Alcohol and Hypertension—New Insights and Lingering Controversies
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Purpose of Review
To examine outstanding issues in the relationship of alcohol to hypertension. These include whether the increase in BP with alcohol is causally related, the nature of the relationship in women, the contribution of alcohol-related increases in BP to cardiovascular disease and the aetiology of alcohol-related hypertension.
Intervention studies and Mendelian randomisation analyses confirm the alcohol–BP relationship is causal. The concept that low-level alcohol intake reduces BP in women is increasingly unsustainable. Alcohol-related hypertension is in the causal pathway between alcohol use and increased risk for several cardiovascular outcomes. The aetiology of alcohol-related hypertension is multifactorial with recent data highlighting the effects of alcohol on the vasoconstrictor 20-HETE and oxidative stress.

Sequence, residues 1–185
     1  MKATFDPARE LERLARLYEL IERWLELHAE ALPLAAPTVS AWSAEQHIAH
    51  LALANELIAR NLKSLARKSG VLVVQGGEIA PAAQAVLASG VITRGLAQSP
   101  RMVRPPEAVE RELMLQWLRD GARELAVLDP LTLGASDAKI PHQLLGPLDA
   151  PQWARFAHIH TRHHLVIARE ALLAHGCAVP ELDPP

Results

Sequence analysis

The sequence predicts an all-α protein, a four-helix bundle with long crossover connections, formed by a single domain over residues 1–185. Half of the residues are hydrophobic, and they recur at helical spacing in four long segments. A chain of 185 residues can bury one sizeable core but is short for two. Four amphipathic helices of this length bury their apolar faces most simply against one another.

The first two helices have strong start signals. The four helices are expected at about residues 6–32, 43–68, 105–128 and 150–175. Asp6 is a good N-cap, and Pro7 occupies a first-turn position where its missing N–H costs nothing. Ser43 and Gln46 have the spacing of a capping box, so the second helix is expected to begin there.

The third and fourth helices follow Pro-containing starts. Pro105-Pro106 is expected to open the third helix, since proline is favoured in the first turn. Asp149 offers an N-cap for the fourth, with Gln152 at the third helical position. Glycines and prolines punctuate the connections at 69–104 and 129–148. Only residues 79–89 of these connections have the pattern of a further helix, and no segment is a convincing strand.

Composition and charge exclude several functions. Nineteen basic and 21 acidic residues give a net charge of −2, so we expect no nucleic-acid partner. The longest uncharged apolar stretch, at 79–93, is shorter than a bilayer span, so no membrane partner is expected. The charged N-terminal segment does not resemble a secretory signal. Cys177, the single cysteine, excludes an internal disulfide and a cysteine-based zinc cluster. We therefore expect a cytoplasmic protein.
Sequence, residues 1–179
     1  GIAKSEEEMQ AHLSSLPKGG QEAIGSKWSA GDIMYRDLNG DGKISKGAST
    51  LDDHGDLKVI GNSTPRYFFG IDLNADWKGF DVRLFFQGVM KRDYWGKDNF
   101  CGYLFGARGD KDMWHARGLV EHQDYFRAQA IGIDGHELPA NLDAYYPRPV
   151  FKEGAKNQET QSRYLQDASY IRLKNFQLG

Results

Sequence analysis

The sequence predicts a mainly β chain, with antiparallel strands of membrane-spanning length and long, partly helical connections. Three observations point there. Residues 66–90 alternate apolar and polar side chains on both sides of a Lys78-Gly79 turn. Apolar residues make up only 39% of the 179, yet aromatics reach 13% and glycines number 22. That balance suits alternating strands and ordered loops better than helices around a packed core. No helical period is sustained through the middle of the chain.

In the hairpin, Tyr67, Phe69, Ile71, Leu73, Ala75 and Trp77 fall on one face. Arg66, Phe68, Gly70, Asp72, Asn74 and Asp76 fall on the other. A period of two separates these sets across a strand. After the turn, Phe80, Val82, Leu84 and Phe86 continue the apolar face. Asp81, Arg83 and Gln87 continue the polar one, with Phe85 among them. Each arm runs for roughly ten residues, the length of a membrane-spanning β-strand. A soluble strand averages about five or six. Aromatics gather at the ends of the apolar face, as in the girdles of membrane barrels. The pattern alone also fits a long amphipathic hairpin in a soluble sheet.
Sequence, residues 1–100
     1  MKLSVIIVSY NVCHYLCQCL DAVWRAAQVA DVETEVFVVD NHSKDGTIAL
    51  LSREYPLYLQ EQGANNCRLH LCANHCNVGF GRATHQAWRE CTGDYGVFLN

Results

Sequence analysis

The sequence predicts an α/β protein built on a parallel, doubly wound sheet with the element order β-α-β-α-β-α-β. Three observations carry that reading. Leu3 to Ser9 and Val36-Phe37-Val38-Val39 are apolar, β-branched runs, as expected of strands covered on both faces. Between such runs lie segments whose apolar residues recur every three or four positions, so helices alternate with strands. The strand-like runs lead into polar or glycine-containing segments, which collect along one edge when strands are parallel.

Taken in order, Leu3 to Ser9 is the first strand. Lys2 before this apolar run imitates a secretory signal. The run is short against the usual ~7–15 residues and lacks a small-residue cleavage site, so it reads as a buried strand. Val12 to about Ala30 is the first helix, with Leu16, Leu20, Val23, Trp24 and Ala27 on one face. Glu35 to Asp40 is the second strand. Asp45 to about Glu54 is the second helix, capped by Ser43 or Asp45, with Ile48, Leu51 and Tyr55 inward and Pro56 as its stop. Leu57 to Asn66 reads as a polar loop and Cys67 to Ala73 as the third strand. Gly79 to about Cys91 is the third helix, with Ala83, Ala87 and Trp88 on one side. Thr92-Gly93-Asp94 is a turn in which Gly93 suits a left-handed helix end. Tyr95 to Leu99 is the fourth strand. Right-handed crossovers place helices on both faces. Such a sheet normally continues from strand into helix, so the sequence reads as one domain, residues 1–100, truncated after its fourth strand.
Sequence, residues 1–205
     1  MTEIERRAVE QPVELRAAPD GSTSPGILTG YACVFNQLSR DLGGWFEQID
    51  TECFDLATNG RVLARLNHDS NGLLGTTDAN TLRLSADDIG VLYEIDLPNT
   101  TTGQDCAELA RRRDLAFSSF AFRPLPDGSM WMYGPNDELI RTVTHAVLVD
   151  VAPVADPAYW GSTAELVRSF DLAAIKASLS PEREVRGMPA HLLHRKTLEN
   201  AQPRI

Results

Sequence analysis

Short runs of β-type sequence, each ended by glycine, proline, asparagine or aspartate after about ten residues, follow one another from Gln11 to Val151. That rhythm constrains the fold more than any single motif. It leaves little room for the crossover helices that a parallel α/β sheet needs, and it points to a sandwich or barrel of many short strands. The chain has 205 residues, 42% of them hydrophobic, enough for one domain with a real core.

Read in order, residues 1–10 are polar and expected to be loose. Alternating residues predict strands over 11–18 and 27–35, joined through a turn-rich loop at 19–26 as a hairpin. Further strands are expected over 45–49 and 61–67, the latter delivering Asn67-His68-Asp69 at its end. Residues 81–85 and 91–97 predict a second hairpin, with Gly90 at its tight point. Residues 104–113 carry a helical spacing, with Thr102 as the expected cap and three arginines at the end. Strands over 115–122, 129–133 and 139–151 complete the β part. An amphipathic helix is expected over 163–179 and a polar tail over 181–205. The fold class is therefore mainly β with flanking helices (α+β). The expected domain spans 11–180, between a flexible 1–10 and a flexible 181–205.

The high prevalence of both alcohol use and hypertension mandates a careful alcohol history in every patient with elevated BP. Early intervention for excessive alcohol use offers the promise of lower levels of BP and reduced risk of adverse cardiovascular outcomes.
KeywordsAlcohol Blood pressure Hypertension
Compliance with Ethical Standards
Conflict of Interest
The authors declare no conflicts of interest relevant to this manuscript.
Human and Animal Rights and Informed Consent
All reported studies/experiments with human or animal subjects performed by the authors have been previously published and complied with all applicable ethical standards (including the Helsinki declaration and its amendments, institutional/national research committee standards, and international/national/institutional guidelines).
Papers of particular interest, published recently, have been highlighted as: • Of importance •• Of major importance
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